Since NASA's InSight lander typed on Mars by the end of last year, the abundant small probe over the months spent taking it carefully standing up so that the special seismometer would carefully listen to " "- a neologism for earthquakes that occurred on Mars, rather than Earth, which you probably guessed. Observations of the march will help determine what is happening within Mars, and to what extent it is a geologically active world. We know that Mars has been geologically active in the past; However, it is the highest mountain of any planet in the solar system.
While InSight has not yet seen the magnificent earthquake marshal, a Science Magazine interview with Philippe Lognonné, a planetary seismologist at Paris Diderot University governing the Seismometer Run, declared that the lander's instrument saw Different types of rumbling known as microseisms.
"We believe these signals are waves coming from Mars," says Lognonné.
According to Science Magazine, the new noise is caused by low-frequency pressure from the atmosphere to the atmosphere. On the contrary, on Earth, microseisms are caused by oceans, hurricanes and increases. Researchers working at InSight hope to hear a real earthquake within a month.
In addition to seismometers, NASA's InSight relies on Heat Flow and Physical Properties Package (HP3) instruments, which sinks nearly 1
"The team has decided to pause the march for today to allow the situation to study thoroughly and to develop strategies for overcoming the obstacle," the DLR's HP3 Principal Investigator Tilman Spohn wrote in a blog post.
Other InSight instruments provide human scientists with data data. In fact, since mid-February, InSight has released weather reports from Mars.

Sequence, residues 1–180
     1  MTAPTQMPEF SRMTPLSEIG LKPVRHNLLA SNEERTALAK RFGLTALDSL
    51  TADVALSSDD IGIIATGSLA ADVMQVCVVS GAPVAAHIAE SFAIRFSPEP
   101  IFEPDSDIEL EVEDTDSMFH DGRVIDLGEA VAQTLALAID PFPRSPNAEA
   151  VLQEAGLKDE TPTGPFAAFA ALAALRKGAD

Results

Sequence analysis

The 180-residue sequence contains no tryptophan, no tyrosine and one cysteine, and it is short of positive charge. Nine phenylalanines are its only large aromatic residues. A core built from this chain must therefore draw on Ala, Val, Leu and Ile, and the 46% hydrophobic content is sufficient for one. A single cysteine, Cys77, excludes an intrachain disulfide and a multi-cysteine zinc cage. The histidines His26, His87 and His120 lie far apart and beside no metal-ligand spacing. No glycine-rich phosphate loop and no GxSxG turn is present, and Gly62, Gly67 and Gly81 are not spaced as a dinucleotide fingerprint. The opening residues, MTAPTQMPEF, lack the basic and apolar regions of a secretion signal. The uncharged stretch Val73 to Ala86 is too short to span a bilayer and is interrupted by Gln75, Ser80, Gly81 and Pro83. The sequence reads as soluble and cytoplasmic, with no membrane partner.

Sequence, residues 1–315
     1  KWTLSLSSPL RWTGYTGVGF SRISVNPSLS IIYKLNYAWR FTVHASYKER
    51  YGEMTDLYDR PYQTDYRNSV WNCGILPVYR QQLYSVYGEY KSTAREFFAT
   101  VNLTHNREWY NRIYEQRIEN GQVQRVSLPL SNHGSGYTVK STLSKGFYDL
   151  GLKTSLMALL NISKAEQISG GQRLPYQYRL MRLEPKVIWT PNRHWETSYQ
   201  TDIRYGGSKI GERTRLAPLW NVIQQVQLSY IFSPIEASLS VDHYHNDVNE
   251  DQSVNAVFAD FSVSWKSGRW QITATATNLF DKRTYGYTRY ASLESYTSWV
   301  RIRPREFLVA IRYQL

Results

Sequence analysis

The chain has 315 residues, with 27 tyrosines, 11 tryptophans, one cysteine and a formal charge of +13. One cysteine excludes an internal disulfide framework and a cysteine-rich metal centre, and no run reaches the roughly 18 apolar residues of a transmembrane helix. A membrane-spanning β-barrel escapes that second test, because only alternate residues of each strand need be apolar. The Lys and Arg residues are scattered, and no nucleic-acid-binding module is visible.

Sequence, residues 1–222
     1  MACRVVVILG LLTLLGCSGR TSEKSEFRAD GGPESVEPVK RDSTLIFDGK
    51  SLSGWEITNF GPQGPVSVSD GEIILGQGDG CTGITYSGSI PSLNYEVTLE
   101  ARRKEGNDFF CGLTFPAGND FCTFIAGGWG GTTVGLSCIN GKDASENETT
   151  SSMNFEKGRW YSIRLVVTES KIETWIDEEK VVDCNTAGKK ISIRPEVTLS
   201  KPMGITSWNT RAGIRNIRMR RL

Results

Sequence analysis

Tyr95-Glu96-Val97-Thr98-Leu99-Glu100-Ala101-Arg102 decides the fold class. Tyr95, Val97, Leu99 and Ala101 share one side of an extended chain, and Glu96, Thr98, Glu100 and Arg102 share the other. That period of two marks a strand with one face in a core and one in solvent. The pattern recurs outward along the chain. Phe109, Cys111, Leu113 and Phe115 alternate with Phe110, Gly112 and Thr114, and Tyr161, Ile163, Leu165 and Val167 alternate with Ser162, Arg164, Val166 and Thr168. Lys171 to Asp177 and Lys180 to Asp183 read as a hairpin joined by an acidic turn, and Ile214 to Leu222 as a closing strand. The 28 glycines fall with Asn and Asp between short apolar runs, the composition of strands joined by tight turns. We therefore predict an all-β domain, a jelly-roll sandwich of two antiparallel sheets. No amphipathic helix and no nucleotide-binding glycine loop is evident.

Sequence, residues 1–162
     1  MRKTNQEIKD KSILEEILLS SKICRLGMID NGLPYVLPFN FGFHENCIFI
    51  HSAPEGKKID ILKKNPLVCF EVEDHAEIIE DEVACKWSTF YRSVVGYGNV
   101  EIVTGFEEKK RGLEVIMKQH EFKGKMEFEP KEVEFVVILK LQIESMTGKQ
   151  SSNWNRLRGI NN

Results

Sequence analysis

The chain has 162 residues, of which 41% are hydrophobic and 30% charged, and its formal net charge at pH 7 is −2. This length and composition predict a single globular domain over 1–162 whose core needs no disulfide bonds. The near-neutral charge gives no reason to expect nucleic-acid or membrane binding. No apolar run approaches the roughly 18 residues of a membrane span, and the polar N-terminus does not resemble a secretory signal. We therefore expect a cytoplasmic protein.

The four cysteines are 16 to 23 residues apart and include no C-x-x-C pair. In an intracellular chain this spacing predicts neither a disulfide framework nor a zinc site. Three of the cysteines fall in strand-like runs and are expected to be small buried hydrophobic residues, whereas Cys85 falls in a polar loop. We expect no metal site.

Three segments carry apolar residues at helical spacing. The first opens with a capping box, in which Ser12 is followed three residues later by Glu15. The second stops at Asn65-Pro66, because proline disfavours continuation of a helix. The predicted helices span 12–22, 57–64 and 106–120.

"It gives you the feeling of visiting a foreigner," says Don Banfield of Cornell University, who led the weather science of InSight, in a statement. "Mars is familiar with atmospheric phenomena that are somewhat different than those on Earth."
In particular, the Auxiliary Payload Subsystem (APSS) enables InSight to provide more frequent weather information than any previous Mars mission.
"APSS will help us to filter the noise environment in seismic data and find out if we see violence and when we are not," Banfield says. "With ongoing operations, we will also see more detailed weather view than most missions on the surface, which often collect data over and over throughout the sol."
Finally, InSight's science can contribute to the overall picture of the history of the solar system, and how Mars, Earth and other planets have developed and developed.
"InSight is a student in Mars and teaches us valuable science as we prepare to send astronauts to the Moon and later on Mars," says NASA Administrator Jim Bridenstine in a statement. "The best of NASA is coming, and it will come as soon as possible."